It goes without saying that closing a sale is the most important part of a salesperson’s job. The buyer might like something, be ready to pay for it, and yet, due to some seemingly flimsy reason, the final exchange of money-for-the-product may not happen. Very often, it all comes down to the person handling the customer.
When it comes to big-ticket items such as jewellery, this is even more so. Retail jewellers do not need good salespersons – they need awesome people who will win over customers, convince them that they are making the right decision, assure them of dedicated after-sales service, and then ensure that the sale does takes place. Finding such people is, by no means, an easy task.
Hiring the perfect salesperson
While most companies have a good idea of how to hire the right kind of people to sell their wares, retail jewellers often need to go the extra mile. Says Anil Kataria, Promoter, DP Jewellers, Indore, “Salespersons play a key role in building loyalty and trust between customers and the company. So, we pay a lot of attention to the kind of people we want as our salespersons. First off, we check for the candidate’s experience and product knowledge. Next, we find out whether the candidate is ethical, a team player, a quick learner. Does s/he have patience, and the ability to withstand pressure in order to deal with difficult customers? Soft skills and body language are important factors, as are passion for the job and willingness to undergo training."
Very often, jewellery retailers have multiple outlets, some in rural areas and some in urban clusters. Industry players say they prefer a certain personality type in a Tier I city, and a different kind of a salesperson in semi-urban and rural areas. “As our store has varied clientele, we have to choose our staff very carefully. A client from a rural area is dealt with by salespersons with one kind of a personality, while for our customers in urban areas, we hire a totally different type of a salesperson,” says Shikhar Agarwal, Director, Kamna Jewellers, Bulandshahar, UP.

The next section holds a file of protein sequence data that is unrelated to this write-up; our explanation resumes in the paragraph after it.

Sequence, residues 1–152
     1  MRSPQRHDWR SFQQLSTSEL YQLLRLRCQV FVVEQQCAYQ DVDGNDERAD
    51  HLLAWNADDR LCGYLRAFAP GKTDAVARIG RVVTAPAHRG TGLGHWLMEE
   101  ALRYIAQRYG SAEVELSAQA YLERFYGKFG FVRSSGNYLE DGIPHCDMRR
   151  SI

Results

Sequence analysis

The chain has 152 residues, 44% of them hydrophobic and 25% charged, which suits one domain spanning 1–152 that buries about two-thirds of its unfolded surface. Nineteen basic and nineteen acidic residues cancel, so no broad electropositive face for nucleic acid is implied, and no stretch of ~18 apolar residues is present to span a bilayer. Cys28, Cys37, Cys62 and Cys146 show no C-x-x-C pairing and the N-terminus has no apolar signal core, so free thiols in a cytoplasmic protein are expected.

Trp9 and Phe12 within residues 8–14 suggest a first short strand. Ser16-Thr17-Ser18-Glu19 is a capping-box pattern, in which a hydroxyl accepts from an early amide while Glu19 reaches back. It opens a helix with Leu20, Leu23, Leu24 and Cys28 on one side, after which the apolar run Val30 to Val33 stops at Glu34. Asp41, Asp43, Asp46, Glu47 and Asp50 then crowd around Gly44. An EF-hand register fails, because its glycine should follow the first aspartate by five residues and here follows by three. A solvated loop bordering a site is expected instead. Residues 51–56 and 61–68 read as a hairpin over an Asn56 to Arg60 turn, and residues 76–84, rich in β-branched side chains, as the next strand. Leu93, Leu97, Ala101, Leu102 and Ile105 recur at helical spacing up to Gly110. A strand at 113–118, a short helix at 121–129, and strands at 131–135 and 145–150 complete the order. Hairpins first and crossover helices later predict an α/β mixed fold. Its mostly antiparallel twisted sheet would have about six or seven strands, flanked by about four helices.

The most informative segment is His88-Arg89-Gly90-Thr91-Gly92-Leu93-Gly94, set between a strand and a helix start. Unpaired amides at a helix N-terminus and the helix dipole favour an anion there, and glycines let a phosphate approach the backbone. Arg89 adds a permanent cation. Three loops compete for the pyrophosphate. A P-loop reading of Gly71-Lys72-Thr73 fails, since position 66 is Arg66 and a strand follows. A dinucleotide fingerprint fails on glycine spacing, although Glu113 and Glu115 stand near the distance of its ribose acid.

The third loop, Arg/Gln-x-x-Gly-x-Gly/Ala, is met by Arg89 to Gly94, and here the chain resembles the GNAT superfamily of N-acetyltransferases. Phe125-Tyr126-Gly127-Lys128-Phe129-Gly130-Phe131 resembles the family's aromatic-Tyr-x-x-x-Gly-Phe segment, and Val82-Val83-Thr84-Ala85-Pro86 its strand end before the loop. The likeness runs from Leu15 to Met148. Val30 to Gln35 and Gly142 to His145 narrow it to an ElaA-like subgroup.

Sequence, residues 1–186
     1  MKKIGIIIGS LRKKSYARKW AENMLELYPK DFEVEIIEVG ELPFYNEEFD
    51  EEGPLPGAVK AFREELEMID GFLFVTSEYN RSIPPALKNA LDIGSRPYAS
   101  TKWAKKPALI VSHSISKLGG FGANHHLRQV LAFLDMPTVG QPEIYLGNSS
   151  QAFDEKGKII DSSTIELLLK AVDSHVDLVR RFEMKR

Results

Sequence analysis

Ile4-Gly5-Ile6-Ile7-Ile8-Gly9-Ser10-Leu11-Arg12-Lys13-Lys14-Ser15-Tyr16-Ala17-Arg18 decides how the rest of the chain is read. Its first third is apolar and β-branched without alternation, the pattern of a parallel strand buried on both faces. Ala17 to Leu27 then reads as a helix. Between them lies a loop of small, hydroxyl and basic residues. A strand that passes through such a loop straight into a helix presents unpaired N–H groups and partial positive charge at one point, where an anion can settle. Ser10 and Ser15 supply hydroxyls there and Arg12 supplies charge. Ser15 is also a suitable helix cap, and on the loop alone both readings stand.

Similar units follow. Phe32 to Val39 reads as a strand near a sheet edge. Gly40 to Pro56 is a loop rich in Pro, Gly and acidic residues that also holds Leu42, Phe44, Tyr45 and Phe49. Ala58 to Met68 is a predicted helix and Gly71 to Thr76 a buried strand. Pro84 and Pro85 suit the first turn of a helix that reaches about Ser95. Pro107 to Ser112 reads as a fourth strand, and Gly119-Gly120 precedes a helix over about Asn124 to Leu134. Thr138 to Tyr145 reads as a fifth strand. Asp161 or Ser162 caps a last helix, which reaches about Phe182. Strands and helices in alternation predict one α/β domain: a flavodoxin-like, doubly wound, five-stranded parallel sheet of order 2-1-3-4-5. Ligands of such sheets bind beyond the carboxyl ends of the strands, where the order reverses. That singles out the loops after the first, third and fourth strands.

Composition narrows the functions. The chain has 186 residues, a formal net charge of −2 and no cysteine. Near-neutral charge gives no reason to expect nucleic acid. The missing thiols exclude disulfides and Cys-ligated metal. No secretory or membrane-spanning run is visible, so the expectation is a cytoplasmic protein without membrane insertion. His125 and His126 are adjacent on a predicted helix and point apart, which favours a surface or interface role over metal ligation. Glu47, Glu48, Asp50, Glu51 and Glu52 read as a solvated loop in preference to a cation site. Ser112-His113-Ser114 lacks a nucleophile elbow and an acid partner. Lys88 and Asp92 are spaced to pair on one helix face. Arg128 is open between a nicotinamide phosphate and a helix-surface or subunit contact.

Difference between a good and a great salesperson
Sales being essentially a people-oriented job, the personality of the salesperson is one of the most important determinants of selection. The gift of the gab is a handy tool in the arsenal of salespersons, but they also have to make sure they are equipped with information about the product, their competitors, market conditions, and so forth.
Enumerating the desirable traits in a potential salesperson, Vikas Bansal, Proprietor, OPS Jewellers, Haryana, says, “If you want to hire the best salesperson, check for a positive attitude and a sunny personality. Good salespersons need to be persistent, without becoming a nuisance, they need to remain calm under pressure. They should be able to assess the personality of the customer, and modify their approach accordingly. Moreover, they should be quick on their feet, be aware of their surroundings, and yet come across like they are paying full attention to the customer.”
According to Milan Shah, Director, Kalamandir Jewellers, Surat, Gujarat, there is a difference between a good salesperson and a great salesperson. “We need to look deep into candidates to assess their suitability. Experience and product knowledge are not enough. A salesperson could have years and years of experience and still not be as good as a fresher who has what it takes. A great salesperson has an extra edge, and our HR team is experienced enough to spot that X factor.”
Interestingly, in India, most jewellery retailers prefer to let their HR teams do the hiring, and do not outsource the job to consultants. Says A Shivram, Founder, Retail Gurukul, a company that provides retail consultancy, “Most retailers still do not contact experts in the field, such as us, when it comes to coaching and training their staff. Training the right skillset, especially when it comes to sales, is a specialized job in itself, and if you do not have the best talent to do your sales, the loss is yours. Retail companies need to remember that salespersons are the face of your brand, and the last contact between the customer and the brand. If that person is not good enough, all the backend effort is a complete waste.”